In a way, that might have also contributed a bit. I don’t want to sound as if I am giving an excuse, but in a way that could have contributed simply because this is a young side and they are not yet experienced enough to switch on and switch off at will. So, eight days leading up to the final and having to sort of make do with a little activity could have also been one of the contributing factors. But I am sure that this being a young side, they would have learnt a lot of lessons from the final.

WV Raman

What are your observations about batting sensation Shafali?

The fact is that at a young age and on a big stage in a World Cup, she has done well. That’s an indication of her talent and temperament. She will work things out as she goes along because she is only going to get better. We should not try and tell her that this is how she should go, this is the route she has to take or this is how she has to mould herself. Let her continue playing her cricket.

Another promising player Jemimah Rodrigues had a poor tournament…

Let’s not get talking about individuals, please.

Is there a need to have a pool of fast bowlers?

We need to try and unearth some fast bowlers and groom them. That is definitely something that we need to do in the future along with the ones that we have right now. So, if we have about seven to eight options, then it becomes a healthy situation to be in. We need to do a lot of work [on this front]. Gradually, it has already started. The identification of raw talent is important. They have to be groomed and nurtured. It is not going to happen overnight. Fast bowling is a tough job whether it is men’s or women’s cricket. It is important to first identify the talented bowlers and then get them fitter and stronger in women’s cricket. Then comes the skill development part. Basically, the issue is our girls our not naturally strong to become quick bowlers. So, you have first train them physically and then make them work on their technical side of the game.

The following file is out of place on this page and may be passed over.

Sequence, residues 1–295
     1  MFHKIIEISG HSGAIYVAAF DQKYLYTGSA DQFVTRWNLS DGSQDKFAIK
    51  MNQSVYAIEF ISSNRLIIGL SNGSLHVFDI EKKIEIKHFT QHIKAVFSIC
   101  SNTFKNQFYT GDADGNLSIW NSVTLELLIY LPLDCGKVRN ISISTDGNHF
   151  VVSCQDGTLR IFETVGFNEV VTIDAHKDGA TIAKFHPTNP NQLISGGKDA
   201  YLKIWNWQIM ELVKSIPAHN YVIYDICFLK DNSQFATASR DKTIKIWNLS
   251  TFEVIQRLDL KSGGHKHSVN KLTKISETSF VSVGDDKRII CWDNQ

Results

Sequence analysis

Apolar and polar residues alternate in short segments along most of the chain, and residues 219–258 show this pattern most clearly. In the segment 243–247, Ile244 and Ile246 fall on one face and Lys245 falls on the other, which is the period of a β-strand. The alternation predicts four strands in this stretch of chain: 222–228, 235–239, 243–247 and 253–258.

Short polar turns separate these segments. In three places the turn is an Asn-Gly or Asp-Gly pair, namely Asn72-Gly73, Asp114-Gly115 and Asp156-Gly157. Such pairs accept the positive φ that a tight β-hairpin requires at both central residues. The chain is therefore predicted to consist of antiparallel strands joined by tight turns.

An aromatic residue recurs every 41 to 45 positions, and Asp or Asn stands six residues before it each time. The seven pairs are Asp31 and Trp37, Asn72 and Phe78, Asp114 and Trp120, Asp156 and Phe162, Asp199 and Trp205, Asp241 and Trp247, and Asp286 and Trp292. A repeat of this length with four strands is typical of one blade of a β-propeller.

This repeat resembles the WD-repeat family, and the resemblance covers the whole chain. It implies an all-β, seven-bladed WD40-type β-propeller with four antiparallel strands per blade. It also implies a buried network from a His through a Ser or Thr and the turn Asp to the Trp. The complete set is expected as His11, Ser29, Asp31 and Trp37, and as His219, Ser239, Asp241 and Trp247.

Is captaincy affecting Kaur's batting?

We should not compare these two things. As captain, she did a tremendous job. Let’s not forget it is a pretty young side and T20 is something that these girls are still trying to figure out how to go about. It was a tough tour. The tri-nation series [before the T20 World Cup] was played against tougher sides. She handled the team quite well. The fact that she could motivate the team to do well despite her personal form [30 runs in five matches] not being at her best, speaks volumes about her character and her leadership qualities. It is not easy when the personal domain is not its best.